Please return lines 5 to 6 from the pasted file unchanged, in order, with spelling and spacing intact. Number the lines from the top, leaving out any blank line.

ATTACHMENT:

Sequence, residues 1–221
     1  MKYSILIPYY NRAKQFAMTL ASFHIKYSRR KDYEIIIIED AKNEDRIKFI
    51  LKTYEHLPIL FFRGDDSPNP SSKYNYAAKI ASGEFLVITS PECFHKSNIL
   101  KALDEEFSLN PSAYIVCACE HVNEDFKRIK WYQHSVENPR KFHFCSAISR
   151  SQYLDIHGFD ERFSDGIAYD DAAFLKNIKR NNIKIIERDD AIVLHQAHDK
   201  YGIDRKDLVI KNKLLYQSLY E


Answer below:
   151  SQYLDIHGFD ERFSDGIAYD DAAFLKNIKR NNIKIIERDD AIVLHQAHDK
   201  YGIDRKDLVI KNKLLYQSLY E